August 24, 2002: Statement by LCWR National Board on Sexual Abuse
We continue to hear with profound sorrow of the sexual abuse of children and adolescents perpetrated by those who were called to minister faithfully to them.
As the National Board of the Leadership Conference of Women Religious (LCWR), representing 76,000 sisters in the United States, we are determined to be agents of healing and reconciliation in our church and society.
- We are outraged by the harm done to anyone, especially children, abused by Catholic clergy, brothers, or sisters. We ask the members of LCWR to do all within their power to assure that such harm will never recur.
- We grieve with victims and their families and ask our members to listen and respond compassionately to them.
- We abhor the behaviors of perpetrators and we desire to see them prevented from doing further harm. Yet we cannot affirm any policy, which makes no distinction among offenses committed or possibilities of rehabilitation.
- We pledge to respect appropriate confidentiality while also dealing with these matters openly and honestly, and we call our members to do likewise.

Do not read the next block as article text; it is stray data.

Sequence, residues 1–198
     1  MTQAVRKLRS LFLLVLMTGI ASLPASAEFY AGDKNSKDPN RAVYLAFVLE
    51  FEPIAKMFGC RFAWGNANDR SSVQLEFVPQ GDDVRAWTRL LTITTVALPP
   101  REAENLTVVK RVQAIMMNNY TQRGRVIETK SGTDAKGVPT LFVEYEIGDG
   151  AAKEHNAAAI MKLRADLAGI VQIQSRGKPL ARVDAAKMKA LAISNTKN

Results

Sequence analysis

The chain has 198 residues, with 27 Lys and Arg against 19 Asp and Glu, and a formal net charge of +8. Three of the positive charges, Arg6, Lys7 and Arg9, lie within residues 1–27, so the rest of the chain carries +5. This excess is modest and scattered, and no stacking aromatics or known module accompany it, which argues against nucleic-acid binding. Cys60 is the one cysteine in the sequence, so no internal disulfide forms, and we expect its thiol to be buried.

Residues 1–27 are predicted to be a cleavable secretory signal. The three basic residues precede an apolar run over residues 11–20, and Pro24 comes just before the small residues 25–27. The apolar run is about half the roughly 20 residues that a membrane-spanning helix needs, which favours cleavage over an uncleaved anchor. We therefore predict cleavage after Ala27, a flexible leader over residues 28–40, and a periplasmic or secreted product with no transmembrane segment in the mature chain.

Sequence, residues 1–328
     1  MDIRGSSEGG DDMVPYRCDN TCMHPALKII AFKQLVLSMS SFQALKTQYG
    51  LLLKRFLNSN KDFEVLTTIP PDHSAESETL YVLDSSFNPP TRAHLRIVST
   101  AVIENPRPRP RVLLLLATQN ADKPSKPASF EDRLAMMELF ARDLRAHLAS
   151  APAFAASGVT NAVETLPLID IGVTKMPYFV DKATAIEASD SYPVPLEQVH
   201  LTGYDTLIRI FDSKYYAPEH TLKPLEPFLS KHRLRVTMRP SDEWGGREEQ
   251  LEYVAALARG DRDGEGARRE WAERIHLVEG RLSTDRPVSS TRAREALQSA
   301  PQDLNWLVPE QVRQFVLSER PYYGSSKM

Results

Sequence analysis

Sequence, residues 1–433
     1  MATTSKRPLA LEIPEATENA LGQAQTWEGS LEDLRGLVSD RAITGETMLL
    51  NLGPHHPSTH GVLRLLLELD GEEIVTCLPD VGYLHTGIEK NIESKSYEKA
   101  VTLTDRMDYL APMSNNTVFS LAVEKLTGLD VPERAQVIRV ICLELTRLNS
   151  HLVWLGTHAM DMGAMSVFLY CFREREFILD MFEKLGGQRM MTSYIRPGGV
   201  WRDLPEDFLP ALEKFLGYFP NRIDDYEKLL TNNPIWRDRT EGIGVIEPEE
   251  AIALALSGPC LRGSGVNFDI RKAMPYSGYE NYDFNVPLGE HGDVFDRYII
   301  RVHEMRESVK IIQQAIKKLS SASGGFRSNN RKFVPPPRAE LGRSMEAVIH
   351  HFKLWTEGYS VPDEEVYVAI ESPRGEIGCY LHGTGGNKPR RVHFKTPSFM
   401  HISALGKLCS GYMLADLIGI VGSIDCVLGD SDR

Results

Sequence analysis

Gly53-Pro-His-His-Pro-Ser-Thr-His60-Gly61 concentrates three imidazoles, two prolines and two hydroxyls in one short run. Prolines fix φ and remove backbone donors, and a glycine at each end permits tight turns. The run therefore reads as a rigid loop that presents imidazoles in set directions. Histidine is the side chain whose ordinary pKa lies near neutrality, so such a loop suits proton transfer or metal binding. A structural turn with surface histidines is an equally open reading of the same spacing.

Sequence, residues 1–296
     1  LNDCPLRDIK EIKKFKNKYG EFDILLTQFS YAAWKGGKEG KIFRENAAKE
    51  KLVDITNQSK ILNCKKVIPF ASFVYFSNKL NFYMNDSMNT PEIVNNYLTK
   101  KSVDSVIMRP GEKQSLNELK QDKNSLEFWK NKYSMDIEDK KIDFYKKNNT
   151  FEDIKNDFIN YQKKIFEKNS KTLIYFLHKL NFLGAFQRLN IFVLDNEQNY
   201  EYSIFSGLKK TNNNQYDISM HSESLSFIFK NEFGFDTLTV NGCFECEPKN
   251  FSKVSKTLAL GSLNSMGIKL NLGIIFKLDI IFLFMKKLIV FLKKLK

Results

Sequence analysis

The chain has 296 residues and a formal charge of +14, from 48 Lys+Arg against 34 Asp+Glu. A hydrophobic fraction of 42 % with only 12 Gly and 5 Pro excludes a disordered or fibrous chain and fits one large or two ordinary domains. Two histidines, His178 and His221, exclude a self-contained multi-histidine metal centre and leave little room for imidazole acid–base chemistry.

- We stand in solidarity with those who have been falsely accused and support their search for truth and justice. We support the countless Catholic clergy, brothers, and sisters who continue in faithful service.
- We call upon religious leaders, ourselves included, to screen candidates for priesthood and religious life with great care, to provide appropriate formation in human sexuality, and to apply standards of conduct with great vigilance.
- We are convinced that the current crisis calls for systemic change, particularly in the exercise of ecclesial power. We call for the inclusion of laity, Catholic clergy, brothers and sisters in the formation of policies and in decision-making which will allow for collaborative renewal of our church.
Our Christian commitment calls us to justice, mercy, and that form of love which is forgiveness. Thus, we call upon our members to join our pledge to continue working from a contemplative stance for reconciliation and for a more inclusive and open church.